A human rights delegation comprised of professors and practitioners has issued a report calling on federal and state agencies to investigate allegations of abuse of international students employed by the Hershey Company and some of its subcontractors.
The delegation included Colleen P. Breslin of Villanova University School of Law, Tsedeye Gebreselassie of the National Employment Law Project, Stephanie Luce of the Murphy Institute/City University of New York, Beth Lyon of Villanova University School of Law, and University of Pennsylvania Law School Professor Sarah Paoletti. Fran Ansley of the University of Tennessee College of Law and William Quigley of Loyola University New Orleans College of Law contributed to the report.
The delegation heard testimony from students from countries such as China, Turkey, Ukraine, Moldova, Mongolia, Romania, and Poland, alleging that they were misled regarding the living and working conditions they would encounter in the United States’ Summer Student Travel/Work Program. The program, often referred to as the J-1 program, promised students an educational and cultural exchange, plus the opportunity to work in order to earn money to travel.
Students testified that they worked packing in jobs chocolates at punishing speeds under abusive supervision in physically grueling work, and that – after deductions were taken for housing and other employment-related costs – netted them a first week’s salary as low as $20 for the week.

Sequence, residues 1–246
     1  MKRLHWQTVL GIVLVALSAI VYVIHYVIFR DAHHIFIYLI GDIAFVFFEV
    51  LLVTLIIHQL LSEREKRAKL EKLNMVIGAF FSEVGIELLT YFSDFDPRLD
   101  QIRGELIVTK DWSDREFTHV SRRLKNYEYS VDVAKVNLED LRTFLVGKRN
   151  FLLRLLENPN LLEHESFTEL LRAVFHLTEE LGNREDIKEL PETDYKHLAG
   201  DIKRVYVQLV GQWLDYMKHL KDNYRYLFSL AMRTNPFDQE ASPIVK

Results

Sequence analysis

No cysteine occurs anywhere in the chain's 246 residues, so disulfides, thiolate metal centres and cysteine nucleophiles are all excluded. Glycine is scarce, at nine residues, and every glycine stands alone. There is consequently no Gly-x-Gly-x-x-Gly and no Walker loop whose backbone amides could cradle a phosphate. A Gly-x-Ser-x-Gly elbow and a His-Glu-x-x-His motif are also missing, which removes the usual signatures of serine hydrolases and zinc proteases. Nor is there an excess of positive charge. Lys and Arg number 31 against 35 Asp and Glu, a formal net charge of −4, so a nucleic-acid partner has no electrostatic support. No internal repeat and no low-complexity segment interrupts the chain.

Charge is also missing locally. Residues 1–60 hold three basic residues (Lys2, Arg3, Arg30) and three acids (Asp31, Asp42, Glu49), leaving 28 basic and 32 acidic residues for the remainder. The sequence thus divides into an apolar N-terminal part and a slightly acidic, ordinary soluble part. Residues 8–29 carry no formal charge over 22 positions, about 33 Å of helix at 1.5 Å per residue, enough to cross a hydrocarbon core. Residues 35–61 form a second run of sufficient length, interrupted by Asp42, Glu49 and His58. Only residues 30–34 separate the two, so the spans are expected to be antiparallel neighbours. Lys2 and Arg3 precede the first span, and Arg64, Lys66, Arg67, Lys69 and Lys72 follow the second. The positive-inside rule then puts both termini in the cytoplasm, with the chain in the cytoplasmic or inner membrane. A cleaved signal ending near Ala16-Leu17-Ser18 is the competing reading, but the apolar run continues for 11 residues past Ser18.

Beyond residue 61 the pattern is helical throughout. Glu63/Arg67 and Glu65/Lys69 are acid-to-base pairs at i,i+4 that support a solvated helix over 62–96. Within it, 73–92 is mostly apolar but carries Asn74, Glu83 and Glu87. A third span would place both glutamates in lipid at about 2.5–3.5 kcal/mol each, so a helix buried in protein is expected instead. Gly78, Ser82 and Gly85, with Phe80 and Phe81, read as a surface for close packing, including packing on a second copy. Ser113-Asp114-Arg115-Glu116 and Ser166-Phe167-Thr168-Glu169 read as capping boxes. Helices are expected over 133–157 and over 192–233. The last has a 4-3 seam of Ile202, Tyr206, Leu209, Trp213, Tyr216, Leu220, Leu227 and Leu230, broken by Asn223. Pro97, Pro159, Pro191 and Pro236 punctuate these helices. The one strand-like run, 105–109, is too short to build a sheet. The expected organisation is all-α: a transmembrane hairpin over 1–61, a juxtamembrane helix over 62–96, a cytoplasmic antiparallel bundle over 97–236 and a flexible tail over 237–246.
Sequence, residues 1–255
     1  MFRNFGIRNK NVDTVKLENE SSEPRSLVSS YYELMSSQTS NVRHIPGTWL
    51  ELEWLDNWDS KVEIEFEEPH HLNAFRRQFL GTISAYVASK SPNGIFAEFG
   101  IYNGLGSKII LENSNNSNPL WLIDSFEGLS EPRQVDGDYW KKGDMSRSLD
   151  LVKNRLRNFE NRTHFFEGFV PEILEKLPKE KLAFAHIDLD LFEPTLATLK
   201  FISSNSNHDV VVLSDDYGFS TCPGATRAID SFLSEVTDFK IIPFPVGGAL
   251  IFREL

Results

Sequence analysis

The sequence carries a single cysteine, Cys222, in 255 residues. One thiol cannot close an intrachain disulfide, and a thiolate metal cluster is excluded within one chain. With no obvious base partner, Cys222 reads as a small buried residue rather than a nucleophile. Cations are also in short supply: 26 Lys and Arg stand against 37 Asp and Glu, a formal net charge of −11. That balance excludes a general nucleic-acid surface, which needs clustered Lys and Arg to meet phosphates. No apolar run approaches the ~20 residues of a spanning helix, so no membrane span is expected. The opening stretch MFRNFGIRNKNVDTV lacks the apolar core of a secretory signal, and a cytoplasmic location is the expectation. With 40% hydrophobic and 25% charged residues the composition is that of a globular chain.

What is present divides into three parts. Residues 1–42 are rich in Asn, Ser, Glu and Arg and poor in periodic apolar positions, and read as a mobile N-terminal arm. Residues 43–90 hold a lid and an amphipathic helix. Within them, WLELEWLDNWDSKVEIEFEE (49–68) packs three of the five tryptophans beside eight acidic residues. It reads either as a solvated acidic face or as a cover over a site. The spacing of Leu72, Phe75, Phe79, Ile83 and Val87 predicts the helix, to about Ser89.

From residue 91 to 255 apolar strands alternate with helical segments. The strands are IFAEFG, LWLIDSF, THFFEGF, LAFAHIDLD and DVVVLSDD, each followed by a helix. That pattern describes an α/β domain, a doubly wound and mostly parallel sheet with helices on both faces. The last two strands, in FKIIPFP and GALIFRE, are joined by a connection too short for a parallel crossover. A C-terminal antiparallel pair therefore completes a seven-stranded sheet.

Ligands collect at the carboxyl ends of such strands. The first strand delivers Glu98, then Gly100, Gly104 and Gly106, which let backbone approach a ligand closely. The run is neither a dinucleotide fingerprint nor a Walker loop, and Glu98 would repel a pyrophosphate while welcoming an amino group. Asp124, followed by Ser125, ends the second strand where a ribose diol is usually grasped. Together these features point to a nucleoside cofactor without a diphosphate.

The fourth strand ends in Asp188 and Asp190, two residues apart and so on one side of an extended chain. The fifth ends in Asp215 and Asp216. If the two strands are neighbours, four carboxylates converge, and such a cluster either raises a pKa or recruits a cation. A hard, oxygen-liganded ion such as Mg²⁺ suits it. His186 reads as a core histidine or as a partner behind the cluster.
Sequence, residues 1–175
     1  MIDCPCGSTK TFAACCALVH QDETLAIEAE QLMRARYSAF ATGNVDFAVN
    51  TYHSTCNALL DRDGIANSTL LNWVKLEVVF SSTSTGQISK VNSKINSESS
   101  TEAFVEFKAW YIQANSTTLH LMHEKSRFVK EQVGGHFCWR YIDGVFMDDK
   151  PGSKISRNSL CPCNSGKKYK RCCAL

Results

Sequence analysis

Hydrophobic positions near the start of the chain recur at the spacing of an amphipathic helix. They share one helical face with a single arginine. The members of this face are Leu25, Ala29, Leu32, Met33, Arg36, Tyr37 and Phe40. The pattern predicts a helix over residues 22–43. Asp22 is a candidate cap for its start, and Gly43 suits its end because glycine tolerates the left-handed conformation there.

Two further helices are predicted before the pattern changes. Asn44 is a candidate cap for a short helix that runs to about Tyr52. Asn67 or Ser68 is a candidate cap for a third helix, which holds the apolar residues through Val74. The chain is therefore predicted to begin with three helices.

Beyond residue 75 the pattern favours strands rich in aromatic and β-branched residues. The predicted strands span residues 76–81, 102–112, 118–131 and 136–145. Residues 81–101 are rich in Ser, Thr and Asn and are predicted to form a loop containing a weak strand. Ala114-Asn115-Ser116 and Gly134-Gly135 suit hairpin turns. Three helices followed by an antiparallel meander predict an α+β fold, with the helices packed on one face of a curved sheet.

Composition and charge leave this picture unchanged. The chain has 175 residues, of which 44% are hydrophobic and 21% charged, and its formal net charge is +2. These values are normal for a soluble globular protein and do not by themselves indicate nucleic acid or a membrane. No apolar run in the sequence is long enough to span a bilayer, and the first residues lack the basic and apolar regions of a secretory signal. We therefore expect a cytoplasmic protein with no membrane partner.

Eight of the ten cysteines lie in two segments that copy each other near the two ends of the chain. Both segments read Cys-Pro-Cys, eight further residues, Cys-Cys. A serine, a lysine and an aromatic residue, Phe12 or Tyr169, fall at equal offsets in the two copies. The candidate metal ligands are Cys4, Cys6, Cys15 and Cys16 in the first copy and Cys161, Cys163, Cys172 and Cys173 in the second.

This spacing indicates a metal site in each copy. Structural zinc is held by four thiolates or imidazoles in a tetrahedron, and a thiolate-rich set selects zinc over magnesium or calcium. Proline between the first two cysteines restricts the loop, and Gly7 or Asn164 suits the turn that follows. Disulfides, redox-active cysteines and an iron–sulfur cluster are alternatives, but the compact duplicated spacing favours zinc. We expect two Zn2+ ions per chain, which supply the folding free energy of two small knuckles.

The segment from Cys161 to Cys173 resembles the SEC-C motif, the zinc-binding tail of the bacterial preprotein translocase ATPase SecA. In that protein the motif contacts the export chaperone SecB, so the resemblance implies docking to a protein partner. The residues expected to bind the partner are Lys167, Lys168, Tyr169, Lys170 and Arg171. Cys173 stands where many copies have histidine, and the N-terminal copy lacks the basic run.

“We are supposed to be here for cultural exchange and education, but we are just cheap laborers,” said Harika Duygu Ozer, 19, a second-year medical student from Turkey.
Students have demanded that Hershey end their use of student workers at the plant and make the jobs living wage jobs for local workers. Students paid $3,000 to $6,000 each to participate in the program and they demand a return of that money.
The group interviewed staff at the National Guestworker Alliance, which has been working with the students, as well as labor union leaders in the region.
Delegates investigated paystubs which showed students were charged $400 per month for housing, despite being made to share small one bedroom apartments with up to five other students who were also charged the same amount.
A student from Poland testified, “I was told this was all average – the wage was average, the housing cost was average. I was shocked when I learned that I was paying so much more than the others for housing.”
The Delegation has issued a report detailing their preliminary findings and call for an in-depth investigation into conditions at the Hershey plant, as well as the J-1 and other guestworker programs.
The report offers recommendations for a response to the Hershey incident, including an immediate suspension of all contracts with the Council for Educational Travel, USA, increased monitoring of J-1 programs and an examination of guestworker programs in general.
The full report is available at https://media.sps.cuny.edu/filestore/8/4/5_8e884ac85f91bb6/845_2d9fd7bdb442b2e.pdf